Bield tenants to take walk down memory lane on Scottish lingo
Tenants at a retirement housing development in Muirhouse are set to tackle the history of Scottish dialects as part of a series of events held by the local Reminiscence Group.
Organised by The Living Memory Association (LMA), tenants at Bield’s Brookwell Court will test their strength in Scottish dialects as they take part in a group reading of Scottish books and literature.
Led by Scottish dialect expert John McCaughie, the session will take place at the development tomorrow.
Jan Chapman, retirement housing manager at Brookwell Court, said: “I was approached by Miles Tubb from The Little Shop of Memory in Ocean Terminal asking if I would be interested in setting up a local reminiscence group for our tenants and other members of the community as part of the LMA.
“I thought it was an incredible idea and something that our tenants would definitely enjoy.
“The principle of bringing people together through memory sharing, discussing the past and exploring the changes that have occurred over the years really resonated with me. I find that each session is as fascinating as the previous one.”
Established just over a year ago, the group aims to bring people together by digging up memories and taking a nostalgic look back at past events.
As part of a schedule of activities, including a fashion slideshow and a presentation of individuals’ memorabilia, tenants also recently had their knowledge on old Edinburgh put to the test as they attempted to match archived photographs of the capital with current locations.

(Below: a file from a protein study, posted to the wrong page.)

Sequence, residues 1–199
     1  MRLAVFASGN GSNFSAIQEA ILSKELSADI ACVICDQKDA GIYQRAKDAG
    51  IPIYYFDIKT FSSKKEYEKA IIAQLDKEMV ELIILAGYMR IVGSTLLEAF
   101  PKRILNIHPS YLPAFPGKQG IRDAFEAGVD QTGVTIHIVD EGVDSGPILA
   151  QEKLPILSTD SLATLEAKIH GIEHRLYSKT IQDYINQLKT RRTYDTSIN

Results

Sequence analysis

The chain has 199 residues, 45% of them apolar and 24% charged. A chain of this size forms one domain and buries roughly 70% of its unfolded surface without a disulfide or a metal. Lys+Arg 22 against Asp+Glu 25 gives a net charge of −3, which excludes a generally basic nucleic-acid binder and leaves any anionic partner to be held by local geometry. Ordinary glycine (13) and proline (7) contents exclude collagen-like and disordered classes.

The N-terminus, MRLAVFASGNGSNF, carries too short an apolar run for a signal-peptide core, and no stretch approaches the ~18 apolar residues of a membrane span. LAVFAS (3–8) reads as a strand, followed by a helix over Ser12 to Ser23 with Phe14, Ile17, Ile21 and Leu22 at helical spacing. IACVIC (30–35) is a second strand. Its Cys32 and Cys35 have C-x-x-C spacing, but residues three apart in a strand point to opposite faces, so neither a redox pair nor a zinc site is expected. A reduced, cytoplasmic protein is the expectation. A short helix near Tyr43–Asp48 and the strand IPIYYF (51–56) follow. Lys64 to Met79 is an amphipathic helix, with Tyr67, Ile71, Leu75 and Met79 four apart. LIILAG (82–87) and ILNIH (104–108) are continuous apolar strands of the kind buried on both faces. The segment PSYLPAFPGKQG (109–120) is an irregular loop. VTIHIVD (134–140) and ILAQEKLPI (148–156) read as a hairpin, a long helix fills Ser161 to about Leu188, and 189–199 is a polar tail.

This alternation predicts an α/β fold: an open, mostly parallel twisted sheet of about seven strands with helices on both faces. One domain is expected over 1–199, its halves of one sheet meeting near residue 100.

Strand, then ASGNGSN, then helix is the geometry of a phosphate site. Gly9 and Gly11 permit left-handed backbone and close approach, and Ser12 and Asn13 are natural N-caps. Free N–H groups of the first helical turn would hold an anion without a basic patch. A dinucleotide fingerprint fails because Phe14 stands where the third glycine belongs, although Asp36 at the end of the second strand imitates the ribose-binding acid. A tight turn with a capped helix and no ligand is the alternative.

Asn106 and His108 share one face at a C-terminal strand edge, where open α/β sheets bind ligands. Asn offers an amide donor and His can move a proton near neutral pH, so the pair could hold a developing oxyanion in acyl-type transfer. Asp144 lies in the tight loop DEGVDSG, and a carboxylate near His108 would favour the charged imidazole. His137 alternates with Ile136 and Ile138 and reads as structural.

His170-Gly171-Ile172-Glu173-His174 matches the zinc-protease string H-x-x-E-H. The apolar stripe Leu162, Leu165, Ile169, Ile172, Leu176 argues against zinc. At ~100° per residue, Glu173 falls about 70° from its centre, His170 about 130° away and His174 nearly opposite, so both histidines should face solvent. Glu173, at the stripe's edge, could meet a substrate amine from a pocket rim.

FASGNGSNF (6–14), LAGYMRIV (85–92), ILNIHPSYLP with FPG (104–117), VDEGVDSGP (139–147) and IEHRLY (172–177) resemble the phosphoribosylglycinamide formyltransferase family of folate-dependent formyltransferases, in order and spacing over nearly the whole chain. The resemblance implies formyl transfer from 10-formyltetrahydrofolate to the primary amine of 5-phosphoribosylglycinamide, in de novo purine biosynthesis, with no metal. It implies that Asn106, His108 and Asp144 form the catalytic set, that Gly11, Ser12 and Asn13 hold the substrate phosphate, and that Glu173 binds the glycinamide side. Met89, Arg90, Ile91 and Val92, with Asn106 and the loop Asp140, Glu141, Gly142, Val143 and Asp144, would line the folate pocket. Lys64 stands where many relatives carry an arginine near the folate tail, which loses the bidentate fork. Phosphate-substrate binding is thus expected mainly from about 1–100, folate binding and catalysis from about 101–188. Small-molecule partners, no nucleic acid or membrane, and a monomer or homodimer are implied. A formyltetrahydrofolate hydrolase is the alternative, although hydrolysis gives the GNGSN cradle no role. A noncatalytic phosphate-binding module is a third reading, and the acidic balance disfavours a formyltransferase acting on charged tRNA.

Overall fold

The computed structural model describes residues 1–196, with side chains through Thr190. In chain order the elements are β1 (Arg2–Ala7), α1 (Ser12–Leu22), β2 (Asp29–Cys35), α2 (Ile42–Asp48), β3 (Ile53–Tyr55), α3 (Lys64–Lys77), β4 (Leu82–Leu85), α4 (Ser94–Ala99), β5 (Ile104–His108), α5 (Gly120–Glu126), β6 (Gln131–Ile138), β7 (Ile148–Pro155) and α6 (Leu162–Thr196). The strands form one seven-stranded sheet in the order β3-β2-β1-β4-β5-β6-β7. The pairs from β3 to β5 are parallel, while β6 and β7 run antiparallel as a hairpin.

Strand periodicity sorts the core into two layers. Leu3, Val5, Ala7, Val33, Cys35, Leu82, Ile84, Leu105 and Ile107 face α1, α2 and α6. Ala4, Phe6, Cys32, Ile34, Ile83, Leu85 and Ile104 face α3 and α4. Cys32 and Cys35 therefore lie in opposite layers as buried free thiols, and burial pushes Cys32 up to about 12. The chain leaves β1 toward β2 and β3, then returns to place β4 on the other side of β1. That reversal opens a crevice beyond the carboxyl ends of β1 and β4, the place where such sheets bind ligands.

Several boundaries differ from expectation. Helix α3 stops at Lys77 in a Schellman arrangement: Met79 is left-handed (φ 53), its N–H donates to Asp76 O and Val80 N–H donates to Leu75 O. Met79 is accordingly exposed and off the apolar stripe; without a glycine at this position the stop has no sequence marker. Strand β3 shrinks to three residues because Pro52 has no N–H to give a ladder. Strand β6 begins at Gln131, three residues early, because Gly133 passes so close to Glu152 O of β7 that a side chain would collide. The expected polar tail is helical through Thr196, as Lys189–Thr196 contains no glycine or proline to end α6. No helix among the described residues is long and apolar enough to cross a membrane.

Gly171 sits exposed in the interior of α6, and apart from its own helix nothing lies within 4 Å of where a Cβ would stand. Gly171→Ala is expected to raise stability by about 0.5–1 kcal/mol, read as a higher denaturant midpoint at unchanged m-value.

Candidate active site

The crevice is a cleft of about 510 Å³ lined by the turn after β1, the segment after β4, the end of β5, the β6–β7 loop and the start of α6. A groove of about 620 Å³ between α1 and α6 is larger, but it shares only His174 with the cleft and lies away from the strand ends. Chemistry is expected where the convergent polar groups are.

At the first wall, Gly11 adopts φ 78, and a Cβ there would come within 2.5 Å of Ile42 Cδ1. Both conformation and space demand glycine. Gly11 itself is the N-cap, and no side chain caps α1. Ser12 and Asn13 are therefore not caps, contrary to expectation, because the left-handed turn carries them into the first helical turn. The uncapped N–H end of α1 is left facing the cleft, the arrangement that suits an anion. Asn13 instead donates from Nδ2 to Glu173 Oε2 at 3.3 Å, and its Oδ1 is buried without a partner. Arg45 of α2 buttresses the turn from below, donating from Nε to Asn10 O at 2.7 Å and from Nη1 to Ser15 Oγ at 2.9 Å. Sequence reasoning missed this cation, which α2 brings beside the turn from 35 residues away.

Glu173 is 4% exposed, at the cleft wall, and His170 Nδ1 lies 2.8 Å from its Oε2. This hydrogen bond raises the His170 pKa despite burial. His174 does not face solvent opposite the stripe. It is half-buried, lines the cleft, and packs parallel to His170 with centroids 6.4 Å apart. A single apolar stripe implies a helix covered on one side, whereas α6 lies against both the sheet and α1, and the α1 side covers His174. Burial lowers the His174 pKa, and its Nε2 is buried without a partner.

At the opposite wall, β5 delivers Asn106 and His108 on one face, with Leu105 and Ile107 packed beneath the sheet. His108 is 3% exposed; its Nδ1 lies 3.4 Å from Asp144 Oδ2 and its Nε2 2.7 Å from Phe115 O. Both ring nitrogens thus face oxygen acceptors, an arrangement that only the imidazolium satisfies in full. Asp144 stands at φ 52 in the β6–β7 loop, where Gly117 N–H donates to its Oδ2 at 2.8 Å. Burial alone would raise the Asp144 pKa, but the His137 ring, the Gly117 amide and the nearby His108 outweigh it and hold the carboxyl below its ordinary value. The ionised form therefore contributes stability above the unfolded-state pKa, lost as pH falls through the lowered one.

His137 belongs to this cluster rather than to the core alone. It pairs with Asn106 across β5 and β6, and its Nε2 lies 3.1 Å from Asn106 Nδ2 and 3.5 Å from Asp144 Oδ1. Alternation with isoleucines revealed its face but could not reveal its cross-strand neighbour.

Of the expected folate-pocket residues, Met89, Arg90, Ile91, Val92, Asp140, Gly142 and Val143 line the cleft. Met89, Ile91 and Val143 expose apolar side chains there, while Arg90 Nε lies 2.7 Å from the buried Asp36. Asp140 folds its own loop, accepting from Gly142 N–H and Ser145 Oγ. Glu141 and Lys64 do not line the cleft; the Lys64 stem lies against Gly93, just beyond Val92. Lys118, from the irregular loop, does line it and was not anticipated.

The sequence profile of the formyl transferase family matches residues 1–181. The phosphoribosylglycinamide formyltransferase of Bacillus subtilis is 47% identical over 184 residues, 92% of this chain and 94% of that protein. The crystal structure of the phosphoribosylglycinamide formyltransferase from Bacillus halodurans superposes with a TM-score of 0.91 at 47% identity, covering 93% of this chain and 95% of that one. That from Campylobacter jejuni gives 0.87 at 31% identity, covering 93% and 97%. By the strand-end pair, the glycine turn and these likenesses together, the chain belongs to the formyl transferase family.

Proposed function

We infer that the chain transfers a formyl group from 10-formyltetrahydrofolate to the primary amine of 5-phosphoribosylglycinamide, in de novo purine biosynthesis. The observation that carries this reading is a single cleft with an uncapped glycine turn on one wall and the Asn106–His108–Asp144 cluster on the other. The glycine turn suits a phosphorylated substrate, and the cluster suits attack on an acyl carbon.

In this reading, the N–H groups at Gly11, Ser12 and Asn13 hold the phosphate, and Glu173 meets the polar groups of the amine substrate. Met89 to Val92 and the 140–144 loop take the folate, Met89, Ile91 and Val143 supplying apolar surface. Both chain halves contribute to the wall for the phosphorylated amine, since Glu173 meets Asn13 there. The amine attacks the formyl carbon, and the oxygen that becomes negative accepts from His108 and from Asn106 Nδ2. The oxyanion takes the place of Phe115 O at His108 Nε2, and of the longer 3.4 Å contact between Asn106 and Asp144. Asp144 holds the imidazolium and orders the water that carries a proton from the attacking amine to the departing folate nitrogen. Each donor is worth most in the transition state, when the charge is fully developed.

Jan added: “Tenants love sharing their old photographs with the group, some of them dating back to the 50s.
“We have had people bring so many interesting items such as magazines, records, old packaging, photocopies of their photographs, railway badges and tickets, and so much more.
“All of these items present such a fascinating look at the past. It is always intriguing to explore how things have changed over the years, whether it’s fashion, home interiors or food packaging.”
Last month, tenants were also involved in an initiative organised by Urban Union to collect memorabilia from the local community. Items were added to a time capsule which has been buried in the foundations the new Pennywell Living development.
Jan said: “It felt really nice to be involved in such a captivating event. It is fascinating to think about what will happen if someone digs the time capsule up in about a 100 years and what they will think of it.
“The items that our tenants brought differed from those of the local primary school. There was a clear distinction between the generations, the old and the new, but all of the items are a part of our history.”
The Living Memory Association believes that through stimulating social interaction and communication, reminiscence activities can assist in reducing the feeling of isolation, especially amongst the older members of the community.